Windows 11 Release Date: June 14, 2021, what can we expect?

Windows 11 Release Date: June 14, 2021, what can we expect?

Microsoft experts and insiders are very excited by the latest rumors announcing a new operating system developed by Microsoft. It’s codenamed Sun Valley, and many expect it to be released as Windows 11.

The Microsoft Event June 24 announced by Windows promises to “see what will follow for Windows“. What will follow? We know that the firm will present an update of its OS, in order to redesign the user interface, among other things.

Expected for the fall, version 21H2 of Windows 10 should therefore be satisfied only to improve the operating system of the PC. However, while nothing is official yet, many well-informed experts and insiders are outright announcing the arrival of Windows 11.

Microsoft announced that Windows 10 would be the last Microsoft’s operating system, and that it would be updated indefinitely.

Indeed, in addition to being uncomfortable for private users, the regular change from an OS to a new OS is particularly disturbing and expensive in the corporate world.

Guaranteeing a single system that would be continuously updated kept the professionals happy.

Windows 10, “the last”, until the next one

Only here you know that in the high-tech world, say “it will be the last“has value only for a short time. The years go by, hardware and software technologies evolve, the competition offers something new and we quickly come back to this idea of “last” iteration.

No one knows if this is Microsoft’s line of thought, but the arrival of Windows 11 seems closer and closer.

The first clue visible to everyone is Microsoft Event announcement image. Indeed, we see the Windows logo, in the form of a window, letting in the light from the outside.

However, when we observe this light on the ground and the shadow it lets glimpse, the vertical bar of the Windows logo is not visible. So, the light on the ground displays two bars, revealing an 11.

We therefore have a representation of Windows and a representation of the number 11 side by side. Some went further by pointing out that the event will take place at 11 a.m. (in the East of the United States, a rather unusual morning schedule for this kind of event), and even that the angle of the shadow on the logo is 11 °.

Yusuf Mehdi, vice president of Microsoft Corporation, even cracked a very explicit tweet where he says “not having been so excited for the announcement of a new version of Windows since Windows 95“, Cult OS if there is one.

Given the many different versions of Windows released since Win 95, we suspect that this is not a “simple” update of a system already present almost everywhere.

Windows is getting old?

With this update, code name Sun Valley (some go so far as to say that the two “L’s” in “Valley” represent an 11), Microsoft had above all promised a visual overhaul: Windows interface and ergonomics would be widely reviewed.

Some put forward Windows interface lag on many points, particularly at a time when many are users who are used to the simplicity of smartphones.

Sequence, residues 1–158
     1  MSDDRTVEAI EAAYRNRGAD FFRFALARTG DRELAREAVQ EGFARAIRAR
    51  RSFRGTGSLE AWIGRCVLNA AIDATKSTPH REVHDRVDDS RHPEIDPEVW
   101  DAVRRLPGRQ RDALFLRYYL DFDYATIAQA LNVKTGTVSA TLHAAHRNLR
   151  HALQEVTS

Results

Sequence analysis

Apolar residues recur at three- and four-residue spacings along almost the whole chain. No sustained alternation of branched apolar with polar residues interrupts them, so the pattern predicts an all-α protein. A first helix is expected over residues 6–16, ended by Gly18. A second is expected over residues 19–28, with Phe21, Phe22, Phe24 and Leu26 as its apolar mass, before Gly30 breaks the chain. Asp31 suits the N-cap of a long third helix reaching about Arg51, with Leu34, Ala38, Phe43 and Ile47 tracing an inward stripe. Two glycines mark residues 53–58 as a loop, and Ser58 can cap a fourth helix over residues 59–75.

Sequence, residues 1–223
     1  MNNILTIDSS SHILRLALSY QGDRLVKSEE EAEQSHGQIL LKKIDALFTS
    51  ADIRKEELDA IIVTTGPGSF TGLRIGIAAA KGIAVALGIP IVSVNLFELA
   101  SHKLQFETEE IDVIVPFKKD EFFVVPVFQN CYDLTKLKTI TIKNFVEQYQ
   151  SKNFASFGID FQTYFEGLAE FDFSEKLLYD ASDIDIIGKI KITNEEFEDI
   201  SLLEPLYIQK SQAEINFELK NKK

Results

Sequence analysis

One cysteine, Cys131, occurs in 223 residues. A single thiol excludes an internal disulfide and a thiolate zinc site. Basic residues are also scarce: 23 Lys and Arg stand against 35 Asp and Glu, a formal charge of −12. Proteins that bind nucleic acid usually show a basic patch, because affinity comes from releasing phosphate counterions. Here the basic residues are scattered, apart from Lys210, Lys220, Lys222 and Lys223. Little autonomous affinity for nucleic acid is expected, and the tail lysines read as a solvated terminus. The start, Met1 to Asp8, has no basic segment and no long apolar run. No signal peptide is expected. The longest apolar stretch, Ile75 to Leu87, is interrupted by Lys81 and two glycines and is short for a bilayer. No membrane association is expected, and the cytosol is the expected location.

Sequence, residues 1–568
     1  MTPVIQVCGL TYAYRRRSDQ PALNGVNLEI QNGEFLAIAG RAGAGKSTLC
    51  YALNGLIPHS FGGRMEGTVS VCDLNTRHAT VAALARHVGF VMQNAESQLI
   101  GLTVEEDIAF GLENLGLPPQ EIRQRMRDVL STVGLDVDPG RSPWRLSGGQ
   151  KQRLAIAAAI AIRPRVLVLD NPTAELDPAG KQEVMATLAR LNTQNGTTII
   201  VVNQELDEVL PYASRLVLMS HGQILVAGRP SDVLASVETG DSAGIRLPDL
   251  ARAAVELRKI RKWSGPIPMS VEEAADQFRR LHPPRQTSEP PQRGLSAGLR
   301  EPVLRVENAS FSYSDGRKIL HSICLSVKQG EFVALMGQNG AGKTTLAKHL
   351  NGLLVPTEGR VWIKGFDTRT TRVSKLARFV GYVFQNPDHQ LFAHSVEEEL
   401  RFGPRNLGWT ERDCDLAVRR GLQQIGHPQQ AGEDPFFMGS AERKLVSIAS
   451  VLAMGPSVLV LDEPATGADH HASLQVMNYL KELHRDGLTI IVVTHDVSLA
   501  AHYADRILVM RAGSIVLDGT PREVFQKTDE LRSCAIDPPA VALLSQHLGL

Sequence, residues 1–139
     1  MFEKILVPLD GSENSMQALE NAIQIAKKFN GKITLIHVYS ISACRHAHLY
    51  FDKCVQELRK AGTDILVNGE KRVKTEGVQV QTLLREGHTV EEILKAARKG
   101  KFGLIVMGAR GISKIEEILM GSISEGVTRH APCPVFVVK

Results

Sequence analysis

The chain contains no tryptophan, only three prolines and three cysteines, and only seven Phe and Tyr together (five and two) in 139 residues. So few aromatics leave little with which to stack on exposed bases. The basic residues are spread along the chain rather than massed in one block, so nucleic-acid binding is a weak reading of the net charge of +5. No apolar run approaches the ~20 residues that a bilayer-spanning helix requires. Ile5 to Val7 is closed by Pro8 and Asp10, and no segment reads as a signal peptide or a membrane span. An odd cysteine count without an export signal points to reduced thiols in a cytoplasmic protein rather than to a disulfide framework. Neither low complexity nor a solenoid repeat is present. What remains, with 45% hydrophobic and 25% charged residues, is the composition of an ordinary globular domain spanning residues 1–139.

We put forward the ridiculousness of the Windows Store compared to Google Play Store and App Store, nonsense like the “backup” logo which is a floppy disk, an object that many Windows users may not even know about, using “Start” to shut down.

More simply, we expect a new taskbar, icons that change their appearance, an updated file explorer, and features more or less, to stick to current standards of personal computing.

You must know that Windows Insiders program participants received test versions of Sun Valley, which allows us to know a little more. Some of them report that a Sun Valley build is circulating mentioning “do not take screenshots“. The journalist from Windows Central Zac Bowden already has no doubts.

Our colleagues from Frandroid claim to have got their hands on a screenshot of a “Sun Valley advanced, but not finalized build. We see the Windows system settings menu, rearranged like what we saw in the latest version of Edge. Note that icons are colored on this version, unlike Windows 10 so far.

Rounded edges, new icons. The most logical and seemingly easiest change would already be to make Windows more graphically consistent.

Indeed, since Windows 10, the parameters and the configuration panel do not respect the same graphic charter at all, a right click on Explorer, on Edge, on the desktop will not necessarily have the same appearance, standardize Windows between PCs, Surface tablets, Xboxes.

And there is no doubt that improvements other than graphics could also be part of the game, and bring Windows up to date.

Let’s remember that Microsoft’s leadership changed in 2018, when Panos Panay became Chief Product Officer of the brand. The “daddy” of the Surface range and his collaborators have been trying to leave their mark on the firm, to give it a new direction for some time now.

A new Windows would be a good way to get rid of their predecessors, who claimed that Windows 10 would be the last.

Meet on June 24 at 5 p.m. KST to see Microsoft’s announcements. Very big update of Windows 10, or arrival of Windows 11?

And why not, let’s be crazy, downright a new operating system not bearing the name Windows, to respect Microsoft’s word that Win 10 would be the last?

Travis M. Andrews
Travis M. Andrews is a features writer for The Washington Post. He joined The Post in 2016 as a reporter for Morning Mix. He was previously a travel and culture editor for Southern Living magazine, a contributing pop culture reporter for Mashable and the Week, and a contributing editor for the Syfy blog Dvice. He also has freelanced for magazines, including Esquire, GQ and Time. He is the author of the coming book "Because He's Jeff Goldblum," a semi-rumination and semi-ridiculous look at the career of the enigmatic actor and an exploration of the shifting nature of fame in the 21st century, to be published in November by Plume.